As pressure from anti-piracy outfits on governments to implement stricter copyright laws increases, millions of file-sharers have decided to protect their privacy by going anonymous. In Sweden alone an estimated 500,000 Internet subscribers are hiding their identities. Many of these use PPTP-based VPNs such as The Pirate Bay’s Ipredator or Relakks.
Thus far, these services were believed to adequately hide a user’s IP-address from people they connect to in BitTorrent swarms, but this is not always the case. At the Telecomix Cipher conference a security flaw was revealed that allows third parties to find the true IP-address of someone connected through a VPN.
The security risk is caused by a lethal combination of IPv6 and PPTP-based VPN services, which are very common. IPv6 is the Internet protocol that will succeed IPv4. The protocol is promoted by Windows 7 and Vista, among others, and most people are using it without even realizing it.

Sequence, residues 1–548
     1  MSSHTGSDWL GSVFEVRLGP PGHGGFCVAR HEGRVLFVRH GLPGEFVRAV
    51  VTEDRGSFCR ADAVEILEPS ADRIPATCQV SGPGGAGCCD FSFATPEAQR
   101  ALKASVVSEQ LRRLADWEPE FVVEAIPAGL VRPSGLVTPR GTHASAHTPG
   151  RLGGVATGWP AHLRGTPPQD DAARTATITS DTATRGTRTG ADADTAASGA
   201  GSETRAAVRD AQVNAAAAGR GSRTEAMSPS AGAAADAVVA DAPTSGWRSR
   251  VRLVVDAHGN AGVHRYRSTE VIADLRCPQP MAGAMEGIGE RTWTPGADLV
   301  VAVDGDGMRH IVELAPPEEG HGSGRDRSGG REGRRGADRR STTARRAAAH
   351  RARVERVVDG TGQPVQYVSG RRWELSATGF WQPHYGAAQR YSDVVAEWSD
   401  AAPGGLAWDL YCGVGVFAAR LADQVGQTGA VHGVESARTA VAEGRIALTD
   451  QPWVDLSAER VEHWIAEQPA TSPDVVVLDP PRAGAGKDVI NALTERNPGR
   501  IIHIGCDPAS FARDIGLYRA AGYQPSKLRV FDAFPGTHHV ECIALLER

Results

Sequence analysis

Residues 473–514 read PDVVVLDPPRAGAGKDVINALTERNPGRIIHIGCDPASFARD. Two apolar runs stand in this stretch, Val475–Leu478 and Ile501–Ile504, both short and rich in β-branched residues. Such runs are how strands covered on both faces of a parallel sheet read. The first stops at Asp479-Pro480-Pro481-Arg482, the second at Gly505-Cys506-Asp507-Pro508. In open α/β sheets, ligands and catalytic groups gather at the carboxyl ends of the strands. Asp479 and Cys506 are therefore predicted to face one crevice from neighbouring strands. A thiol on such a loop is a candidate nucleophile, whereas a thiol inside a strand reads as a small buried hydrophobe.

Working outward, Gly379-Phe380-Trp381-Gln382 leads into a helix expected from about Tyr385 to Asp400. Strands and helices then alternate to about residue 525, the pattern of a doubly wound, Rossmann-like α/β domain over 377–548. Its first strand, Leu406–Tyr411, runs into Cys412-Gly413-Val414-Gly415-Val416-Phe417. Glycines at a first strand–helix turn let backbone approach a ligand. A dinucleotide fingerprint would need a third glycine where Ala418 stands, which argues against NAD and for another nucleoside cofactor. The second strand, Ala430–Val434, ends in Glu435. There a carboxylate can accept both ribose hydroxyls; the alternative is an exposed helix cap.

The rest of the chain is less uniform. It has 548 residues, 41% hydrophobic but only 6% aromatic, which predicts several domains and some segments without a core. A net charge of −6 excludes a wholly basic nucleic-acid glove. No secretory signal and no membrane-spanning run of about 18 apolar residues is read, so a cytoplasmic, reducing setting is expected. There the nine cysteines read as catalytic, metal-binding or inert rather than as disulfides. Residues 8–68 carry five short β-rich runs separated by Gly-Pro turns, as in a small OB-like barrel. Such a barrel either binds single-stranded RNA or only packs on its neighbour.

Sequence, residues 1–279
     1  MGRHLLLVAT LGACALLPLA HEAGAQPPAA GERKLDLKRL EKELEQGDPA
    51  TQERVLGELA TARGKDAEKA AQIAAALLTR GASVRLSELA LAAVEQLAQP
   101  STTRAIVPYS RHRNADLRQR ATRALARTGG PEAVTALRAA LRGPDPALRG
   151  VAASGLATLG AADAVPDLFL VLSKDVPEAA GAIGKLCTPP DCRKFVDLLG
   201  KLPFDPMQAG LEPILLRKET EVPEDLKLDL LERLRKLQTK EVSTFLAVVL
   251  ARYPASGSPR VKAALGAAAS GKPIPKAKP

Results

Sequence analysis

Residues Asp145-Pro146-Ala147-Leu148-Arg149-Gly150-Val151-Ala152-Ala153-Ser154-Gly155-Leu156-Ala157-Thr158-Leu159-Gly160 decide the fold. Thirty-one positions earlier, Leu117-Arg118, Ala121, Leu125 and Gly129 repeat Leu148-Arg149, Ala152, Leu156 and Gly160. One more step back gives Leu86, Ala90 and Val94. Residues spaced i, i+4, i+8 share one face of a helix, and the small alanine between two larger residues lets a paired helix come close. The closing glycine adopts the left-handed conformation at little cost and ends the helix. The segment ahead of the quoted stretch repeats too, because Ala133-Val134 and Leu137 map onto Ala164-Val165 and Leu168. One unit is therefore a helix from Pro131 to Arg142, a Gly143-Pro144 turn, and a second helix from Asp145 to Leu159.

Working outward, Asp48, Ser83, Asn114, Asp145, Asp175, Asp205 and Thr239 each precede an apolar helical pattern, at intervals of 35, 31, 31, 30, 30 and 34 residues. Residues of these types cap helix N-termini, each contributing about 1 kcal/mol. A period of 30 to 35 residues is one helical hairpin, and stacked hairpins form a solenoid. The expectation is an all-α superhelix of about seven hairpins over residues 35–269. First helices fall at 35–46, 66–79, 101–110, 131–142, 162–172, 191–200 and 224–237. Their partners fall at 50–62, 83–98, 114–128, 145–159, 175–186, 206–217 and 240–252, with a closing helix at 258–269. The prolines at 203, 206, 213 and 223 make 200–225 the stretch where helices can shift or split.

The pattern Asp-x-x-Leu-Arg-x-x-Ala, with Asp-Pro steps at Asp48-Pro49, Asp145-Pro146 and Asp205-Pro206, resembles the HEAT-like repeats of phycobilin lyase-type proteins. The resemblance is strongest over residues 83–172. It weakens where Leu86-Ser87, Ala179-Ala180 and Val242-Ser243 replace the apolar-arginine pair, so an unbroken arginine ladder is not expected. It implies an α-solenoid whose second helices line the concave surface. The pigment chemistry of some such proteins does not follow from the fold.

The technical details of the vulnerability, explained in this talk (see below), reveal that the true IP-address of users using IPv6 can be easily traced. Even worse, it seems that the Swedish Anti-piracy Bureau may already be using this flaw to gather data on ‘anonymous’ BitTorrent users.
The vulnerability is not limited to BitTorrent either. It can expose people who believe that they are hiding their real IP-address through nearly every connection.
In addition to this gaping hole in VPNs such as Ipredator and Relakks, the talk exposes several other weaknesses from a privacy point of view. Among other things, it is fairly easy to find MAC-addresses and computer names of people who use the same VPN.
The people who run Ipredator are aware of the issue, and TorrentFreak was informed that their users will be notified about the problem. Other VPNs using the same system may want to do the same. From our understanding of the issue, turning IPv6 off should alleviate the threat and make users fully anonymous again.